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Eliminating the Virtual Desktop for a Better Digital Employee Experience (DEX)

“Context switching” is an interesting term in that it is often discussed in two separate ways – one that applies to human productivity and multitasking, and another that refers to software and computing.

When talking about context switching when it comes to human productivity, people are usually referring to the amount of time people lose when switching between different tasks throughout their workday. Research shows that there’s a significant cost of context switching, in that it takes an average of 9.5 minutes to get back into a productive workflow after task switching. This is why so many time management and productivity experts suggest that, to truly achieve a state of deep work you should focus on a single task until it is complete. For bigger projects that will take a long time, people suggest things like breaking the task up with the Pomodoro technique, using time blocks, or the bundling of similar tasks to facilitate more focused work and tackle your to-do list.

Now, when we talk about context switching as it relates to the digital workspace, that refers to the disruption that is caused when someone has to switch from one environment to another in order to complete a new task. One common example of the cost of context switching when it comes to computing is the use of traditional virtual desktops environments.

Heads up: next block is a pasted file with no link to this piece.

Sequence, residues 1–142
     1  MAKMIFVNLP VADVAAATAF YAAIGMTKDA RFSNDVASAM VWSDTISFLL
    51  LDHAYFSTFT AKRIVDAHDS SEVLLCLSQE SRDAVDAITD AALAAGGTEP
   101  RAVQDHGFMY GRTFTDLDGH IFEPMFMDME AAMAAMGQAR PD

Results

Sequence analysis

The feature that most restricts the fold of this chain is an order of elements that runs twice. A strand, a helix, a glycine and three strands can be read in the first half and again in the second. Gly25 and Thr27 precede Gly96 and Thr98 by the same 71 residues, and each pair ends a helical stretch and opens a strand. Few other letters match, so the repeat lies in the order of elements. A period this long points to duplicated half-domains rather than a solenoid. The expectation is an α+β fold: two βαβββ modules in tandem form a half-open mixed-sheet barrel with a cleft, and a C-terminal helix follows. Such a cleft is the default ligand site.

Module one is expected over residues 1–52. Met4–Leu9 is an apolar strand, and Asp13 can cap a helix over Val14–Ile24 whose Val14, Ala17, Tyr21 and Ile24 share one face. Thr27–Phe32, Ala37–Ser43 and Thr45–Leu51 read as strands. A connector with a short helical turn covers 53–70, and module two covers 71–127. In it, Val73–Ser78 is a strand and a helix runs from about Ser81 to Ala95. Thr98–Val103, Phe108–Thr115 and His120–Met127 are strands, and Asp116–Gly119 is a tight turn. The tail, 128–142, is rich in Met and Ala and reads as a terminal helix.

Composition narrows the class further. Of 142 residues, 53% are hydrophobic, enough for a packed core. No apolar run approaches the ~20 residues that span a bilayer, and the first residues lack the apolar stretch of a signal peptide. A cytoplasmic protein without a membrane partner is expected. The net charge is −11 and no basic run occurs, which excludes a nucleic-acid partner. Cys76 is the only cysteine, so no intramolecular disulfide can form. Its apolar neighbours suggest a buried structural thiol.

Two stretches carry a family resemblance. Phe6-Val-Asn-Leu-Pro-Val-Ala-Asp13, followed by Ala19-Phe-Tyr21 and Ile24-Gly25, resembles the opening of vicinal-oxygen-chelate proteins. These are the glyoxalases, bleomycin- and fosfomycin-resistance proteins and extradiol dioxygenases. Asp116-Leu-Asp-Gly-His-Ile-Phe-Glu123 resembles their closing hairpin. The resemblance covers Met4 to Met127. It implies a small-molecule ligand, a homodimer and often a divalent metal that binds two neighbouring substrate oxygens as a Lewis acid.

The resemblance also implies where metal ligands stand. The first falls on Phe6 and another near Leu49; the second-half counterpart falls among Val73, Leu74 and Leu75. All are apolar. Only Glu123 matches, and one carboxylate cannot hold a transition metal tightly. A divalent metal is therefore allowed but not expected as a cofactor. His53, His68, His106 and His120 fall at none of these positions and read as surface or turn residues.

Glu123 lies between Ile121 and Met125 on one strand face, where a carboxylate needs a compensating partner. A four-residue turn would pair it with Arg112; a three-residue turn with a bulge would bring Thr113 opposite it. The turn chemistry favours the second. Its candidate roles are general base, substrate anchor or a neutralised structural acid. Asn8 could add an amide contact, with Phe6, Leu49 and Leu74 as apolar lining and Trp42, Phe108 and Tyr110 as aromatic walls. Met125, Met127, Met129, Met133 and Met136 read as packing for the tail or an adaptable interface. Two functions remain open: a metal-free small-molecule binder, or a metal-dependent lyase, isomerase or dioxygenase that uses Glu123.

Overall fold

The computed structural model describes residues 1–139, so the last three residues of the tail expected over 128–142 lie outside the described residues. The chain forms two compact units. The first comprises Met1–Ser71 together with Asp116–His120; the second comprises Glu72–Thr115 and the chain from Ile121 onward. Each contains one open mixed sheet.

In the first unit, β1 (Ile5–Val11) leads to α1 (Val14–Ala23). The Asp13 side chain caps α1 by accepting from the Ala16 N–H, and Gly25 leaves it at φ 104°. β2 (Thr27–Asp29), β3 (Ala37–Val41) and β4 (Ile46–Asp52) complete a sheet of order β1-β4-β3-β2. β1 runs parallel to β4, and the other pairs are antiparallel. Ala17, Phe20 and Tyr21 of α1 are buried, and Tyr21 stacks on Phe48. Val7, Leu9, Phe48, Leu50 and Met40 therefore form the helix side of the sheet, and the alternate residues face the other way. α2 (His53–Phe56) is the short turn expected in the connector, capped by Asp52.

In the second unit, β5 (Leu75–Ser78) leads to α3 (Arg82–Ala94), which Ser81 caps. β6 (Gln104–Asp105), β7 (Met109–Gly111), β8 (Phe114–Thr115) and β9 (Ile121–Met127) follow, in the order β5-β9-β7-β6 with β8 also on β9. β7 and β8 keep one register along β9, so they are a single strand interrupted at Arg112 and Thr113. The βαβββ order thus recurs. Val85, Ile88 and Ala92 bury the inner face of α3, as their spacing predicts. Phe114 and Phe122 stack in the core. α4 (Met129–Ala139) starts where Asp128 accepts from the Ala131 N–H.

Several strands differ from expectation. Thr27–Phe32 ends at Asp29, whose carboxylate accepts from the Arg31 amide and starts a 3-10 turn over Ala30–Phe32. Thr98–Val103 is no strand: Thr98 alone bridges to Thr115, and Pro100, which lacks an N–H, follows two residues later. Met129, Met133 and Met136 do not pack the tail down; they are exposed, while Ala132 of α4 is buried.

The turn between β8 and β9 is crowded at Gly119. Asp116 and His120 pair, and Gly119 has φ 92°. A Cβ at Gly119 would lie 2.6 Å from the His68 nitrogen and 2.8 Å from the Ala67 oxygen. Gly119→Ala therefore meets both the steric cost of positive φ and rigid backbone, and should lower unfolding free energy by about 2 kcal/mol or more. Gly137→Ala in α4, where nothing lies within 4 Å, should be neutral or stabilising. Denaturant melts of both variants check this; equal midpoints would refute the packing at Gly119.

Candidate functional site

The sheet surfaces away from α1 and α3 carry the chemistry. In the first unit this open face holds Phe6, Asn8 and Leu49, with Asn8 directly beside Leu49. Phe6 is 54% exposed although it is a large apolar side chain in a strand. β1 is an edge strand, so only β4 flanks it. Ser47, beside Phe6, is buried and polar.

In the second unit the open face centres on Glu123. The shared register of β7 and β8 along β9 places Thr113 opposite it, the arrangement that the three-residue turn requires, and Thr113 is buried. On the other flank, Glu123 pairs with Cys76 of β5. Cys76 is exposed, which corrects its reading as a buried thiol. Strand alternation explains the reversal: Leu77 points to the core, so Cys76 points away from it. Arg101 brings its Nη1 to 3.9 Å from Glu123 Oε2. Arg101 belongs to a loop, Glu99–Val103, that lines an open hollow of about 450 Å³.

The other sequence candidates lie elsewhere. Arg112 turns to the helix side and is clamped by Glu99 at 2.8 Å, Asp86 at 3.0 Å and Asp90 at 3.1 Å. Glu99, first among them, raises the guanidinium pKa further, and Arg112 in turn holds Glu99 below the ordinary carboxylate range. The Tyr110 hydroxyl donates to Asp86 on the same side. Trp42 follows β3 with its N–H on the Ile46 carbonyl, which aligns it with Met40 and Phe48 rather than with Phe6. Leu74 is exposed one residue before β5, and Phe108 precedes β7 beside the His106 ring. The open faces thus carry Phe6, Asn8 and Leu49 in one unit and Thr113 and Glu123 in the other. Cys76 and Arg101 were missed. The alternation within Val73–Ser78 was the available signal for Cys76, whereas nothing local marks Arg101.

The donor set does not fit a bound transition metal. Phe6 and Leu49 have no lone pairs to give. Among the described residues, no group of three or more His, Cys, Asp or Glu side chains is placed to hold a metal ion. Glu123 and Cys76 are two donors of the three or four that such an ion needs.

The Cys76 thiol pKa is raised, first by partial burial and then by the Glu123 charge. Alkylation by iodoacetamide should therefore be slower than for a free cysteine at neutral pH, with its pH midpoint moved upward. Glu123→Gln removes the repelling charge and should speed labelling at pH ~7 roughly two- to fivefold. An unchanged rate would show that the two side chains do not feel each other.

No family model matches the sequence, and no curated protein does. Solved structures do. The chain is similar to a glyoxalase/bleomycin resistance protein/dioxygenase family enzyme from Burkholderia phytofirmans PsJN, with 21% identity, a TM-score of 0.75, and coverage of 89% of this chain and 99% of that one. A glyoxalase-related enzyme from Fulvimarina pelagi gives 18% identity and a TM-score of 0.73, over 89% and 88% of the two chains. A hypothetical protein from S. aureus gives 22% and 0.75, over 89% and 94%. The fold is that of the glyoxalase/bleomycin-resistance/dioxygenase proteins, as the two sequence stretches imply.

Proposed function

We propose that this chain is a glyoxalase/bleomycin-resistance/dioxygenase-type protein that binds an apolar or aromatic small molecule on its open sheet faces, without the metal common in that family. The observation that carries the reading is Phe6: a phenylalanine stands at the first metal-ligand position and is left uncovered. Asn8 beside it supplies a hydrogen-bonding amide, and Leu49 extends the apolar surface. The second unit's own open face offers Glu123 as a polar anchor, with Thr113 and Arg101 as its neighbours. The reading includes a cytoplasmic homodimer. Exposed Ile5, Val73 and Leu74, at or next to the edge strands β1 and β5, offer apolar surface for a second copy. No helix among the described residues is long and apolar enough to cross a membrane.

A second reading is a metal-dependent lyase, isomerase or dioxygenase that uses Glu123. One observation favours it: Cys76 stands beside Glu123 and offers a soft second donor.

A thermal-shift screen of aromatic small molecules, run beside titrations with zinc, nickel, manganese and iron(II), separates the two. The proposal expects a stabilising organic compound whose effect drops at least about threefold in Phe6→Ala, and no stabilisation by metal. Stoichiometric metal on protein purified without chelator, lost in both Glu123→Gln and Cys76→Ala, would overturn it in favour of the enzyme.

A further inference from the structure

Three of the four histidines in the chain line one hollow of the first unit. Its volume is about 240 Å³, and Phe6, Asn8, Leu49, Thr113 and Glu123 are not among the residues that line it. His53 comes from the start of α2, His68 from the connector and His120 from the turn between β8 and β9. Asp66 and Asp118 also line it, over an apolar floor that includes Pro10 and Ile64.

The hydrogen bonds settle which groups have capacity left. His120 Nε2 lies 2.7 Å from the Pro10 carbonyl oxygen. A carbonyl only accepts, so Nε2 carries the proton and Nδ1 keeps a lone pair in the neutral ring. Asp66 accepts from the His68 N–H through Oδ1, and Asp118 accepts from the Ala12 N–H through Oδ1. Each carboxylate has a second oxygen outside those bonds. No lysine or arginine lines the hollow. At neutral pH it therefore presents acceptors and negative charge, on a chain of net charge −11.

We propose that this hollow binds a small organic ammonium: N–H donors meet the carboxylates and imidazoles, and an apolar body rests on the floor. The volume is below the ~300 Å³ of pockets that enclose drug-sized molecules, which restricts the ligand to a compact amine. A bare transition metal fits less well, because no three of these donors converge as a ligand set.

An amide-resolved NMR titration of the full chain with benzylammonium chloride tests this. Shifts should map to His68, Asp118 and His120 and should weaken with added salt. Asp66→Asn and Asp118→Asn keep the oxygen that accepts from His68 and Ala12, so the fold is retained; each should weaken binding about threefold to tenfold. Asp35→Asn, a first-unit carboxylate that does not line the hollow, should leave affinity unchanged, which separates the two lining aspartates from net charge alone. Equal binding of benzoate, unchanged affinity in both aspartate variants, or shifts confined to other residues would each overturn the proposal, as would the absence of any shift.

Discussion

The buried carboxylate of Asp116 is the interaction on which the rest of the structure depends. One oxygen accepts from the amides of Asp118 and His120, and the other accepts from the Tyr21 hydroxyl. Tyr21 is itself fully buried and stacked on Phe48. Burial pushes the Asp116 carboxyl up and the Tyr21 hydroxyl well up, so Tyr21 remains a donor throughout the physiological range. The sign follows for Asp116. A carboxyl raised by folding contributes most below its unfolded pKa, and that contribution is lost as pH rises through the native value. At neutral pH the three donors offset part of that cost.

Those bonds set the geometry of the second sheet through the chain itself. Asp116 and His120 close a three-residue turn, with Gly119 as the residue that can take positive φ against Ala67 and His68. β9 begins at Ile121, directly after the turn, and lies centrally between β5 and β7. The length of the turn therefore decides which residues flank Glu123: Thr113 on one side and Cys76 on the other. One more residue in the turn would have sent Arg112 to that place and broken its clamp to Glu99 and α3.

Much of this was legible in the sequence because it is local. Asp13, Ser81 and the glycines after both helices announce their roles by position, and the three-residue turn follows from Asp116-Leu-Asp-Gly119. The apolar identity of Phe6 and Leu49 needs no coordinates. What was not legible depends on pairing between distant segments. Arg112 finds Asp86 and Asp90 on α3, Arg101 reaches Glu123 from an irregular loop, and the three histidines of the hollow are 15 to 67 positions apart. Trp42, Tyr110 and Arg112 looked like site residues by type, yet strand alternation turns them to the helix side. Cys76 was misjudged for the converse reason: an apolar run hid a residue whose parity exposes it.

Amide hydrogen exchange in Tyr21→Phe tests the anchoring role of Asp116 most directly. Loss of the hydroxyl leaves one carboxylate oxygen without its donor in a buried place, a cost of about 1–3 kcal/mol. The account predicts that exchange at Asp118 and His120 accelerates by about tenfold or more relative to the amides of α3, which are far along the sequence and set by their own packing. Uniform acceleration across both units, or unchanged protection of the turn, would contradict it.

The use of virtual desktops (whether legacy VDI or DaaS) skyrocketed during the pandemic as orgs needed a way to give their people access to the apps & data they need to do their work from any device, anywhere. In some cases those orgs needed to send their people home with whatever devices they could find (or afford), and in other cases they needed their people to work on their own personal devices. The issue that orgs then have is that you may have people on multiple different operating systems like Windows, MacOS, ChromeOS, and more – but those people still need access to the business-critical apps and data needed to do their jobs.

By implementing virtual desktops, this creates a bifurcated experience in which your team members may have some applications installed locally on their device, and they also likely access a lot of their apps via SaaS – but then they have to log into a separate virtual desktop environment to access their business-critical apps (like your ERP, CRM, EHR, etc.). When a user has to stop working in one environment and then start a new process or application in another environment, that context switching takes a toll on your employees’ productive time and leads to attention residue that makes it harder for your people to get their focus time back.

Context Switching and its Impact on Digital Transformation